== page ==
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Mater is working together with the Refugee Health Network Queensland helping overseas trained doctors who arrive in Australia as refugees find a pathway to practice again in their medical field.
International Medical Graduates (IMG) are required to meet stringent standards to re-enter the medical profession which are often difficult to navigate due to the complex rules governing medical practitioners.
Director Mater Refugee Health Service Donata Sackey explained that for IMGs from refugee backgrounds the processes and systems put in place are even more challenging because of the extenuating circumstances of the refugee journey.
“English-speaking doctors from the United Kingdom, Canada and New Zealand can find the process challenging, this is amplified for refugees,” she said.
“Before they can register and apply for a job they need to pass their English test and a rigorous medical examination process which has a pass rate of fewer than 50 per cent for the theory test and around five per cent for the clinical test. Each of these tests can cost up to $3000 each.”
Donata also explained that once doctors have passed their examinations employers and registration bodies require them to meet other criterion which includes Australian work experience and having recency of practice.
For a refugee fleeing their countries there is little opportunity to collect important documents and it is impossible to return to their home countries to meet recency of practice requirements.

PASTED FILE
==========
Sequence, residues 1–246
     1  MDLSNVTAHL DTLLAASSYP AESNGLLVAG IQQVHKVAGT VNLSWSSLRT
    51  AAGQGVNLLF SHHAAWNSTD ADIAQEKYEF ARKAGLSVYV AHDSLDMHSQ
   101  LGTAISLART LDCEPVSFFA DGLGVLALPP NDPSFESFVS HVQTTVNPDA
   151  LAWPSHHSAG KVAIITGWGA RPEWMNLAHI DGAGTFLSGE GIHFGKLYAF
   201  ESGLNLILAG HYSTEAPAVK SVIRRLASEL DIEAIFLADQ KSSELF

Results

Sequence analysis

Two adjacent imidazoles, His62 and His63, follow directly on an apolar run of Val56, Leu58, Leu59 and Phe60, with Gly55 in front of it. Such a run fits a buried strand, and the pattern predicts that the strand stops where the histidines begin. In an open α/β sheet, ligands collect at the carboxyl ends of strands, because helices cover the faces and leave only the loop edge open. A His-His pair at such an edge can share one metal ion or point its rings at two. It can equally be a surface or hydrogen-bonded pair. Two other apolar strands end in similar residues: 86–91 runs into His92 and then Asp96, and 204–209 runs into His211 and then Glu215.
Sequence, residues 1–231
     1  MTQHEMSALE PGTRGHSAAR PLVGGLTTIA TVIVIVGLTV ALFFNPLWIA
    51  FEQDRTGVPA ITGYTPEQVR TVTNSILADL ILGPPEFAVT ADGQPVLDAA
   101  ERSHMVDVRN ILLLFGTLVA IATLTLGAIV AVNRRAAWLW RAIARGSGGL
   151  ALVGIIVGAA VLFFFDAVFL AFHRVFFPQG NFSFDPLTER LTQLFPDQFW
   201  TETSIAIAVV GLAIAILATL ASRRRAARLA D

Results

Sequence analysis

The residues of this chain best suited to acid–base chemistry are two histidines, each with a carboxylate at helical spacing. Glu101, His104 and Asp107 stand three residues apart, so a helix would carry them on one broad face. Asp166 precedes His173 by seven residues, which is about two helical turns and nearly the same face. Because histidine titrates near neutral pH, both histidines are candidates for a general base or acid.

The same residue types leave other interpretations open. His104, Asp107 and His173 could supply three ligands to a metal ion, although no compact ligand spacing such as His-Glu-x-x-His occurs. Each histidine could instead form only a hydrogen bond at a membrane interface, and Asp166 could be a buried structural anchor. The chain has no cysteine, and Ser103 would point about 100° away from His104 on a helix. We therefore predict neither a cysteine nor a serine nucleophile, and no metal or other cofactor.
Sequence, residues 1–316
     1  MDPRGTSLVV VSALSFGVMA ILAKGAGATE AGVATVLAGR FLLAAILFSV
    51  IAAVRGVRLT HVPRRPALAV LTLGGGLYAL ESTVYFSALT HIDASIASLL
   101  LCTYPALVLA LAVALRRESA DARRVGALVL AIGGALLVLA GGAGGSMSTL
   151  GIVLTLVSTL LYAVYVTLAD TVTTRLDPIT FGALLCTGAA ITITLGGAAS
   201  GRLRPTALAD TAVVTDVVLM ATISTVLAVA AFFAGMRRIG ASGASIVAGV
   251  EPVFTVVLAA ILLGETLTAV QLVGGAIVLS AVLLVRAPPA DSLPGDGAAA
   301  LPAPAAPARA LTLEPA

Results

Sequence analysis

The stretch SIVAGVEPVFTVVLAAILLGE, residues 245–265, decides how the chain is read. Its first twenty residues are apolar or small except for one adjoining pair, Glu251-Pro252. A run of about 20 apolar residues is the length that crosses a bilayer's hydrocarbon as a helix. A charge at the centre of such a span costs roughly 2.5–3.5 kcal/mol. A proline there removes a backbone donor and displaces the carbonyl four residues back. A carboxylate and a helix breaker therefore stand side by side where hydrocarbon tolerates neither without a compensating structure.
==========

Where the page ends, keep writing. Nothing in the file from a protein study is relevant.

Mater has recognised there is an unmet need in the community to help these doctors find and secure pathways to employment through not only observerships but mentoring and training.
“We have taken on two refugee doctors here at Mater who completed observerships but in addition to this we have provided them mentorship with the goal of helping them secure hospital positions in the future,” Donata said.
Dr Manal Aqrawe is an anaesthesiologist with 20 years’ experience in her home country of Iraq however when the city of Mosul fell into the hands of ISIS she had to flee.
“I had such a difficult time getting any hospital position due to lack of local experience until I received an observership position at Mater,” Dr Aqrawe said.
“I felt very supported at Mater, it was a wonderful experience and they even helped me by holding mock interviews in preparation for the real thing.”
Dr John De La Croix Butoyi from Burundi completed the observership and found it to be a very positive experience.
“I had completed an observership with another organisation and I felt very isolated like I wasn’t learning anything,” he said.
“Here at Mater I felt like I was part of the team, the staff were very welcoming and supportive. I was able to ask questions and really observe their practices.”
Both doctors spent time in Mater Emergency Department, Infectious Diseases and Anaesthesia Departments as well as participating in education sessions and observing GPs in the Mater Refugee Complex Care Clinic.
The Refugee Health Network Qld will continue to advocate and work with Queensland Health to formalise a sustainable pathway so that Queensland doesn’t miss out on these highly skilled and motivated doctors.
After completing their observerships both Dr Aqrawe and Dr Butoyi have been offered positions at Redcliffe Hospital, something they both say would previously have been inconceivable and they credit the support Mater provided for their success.
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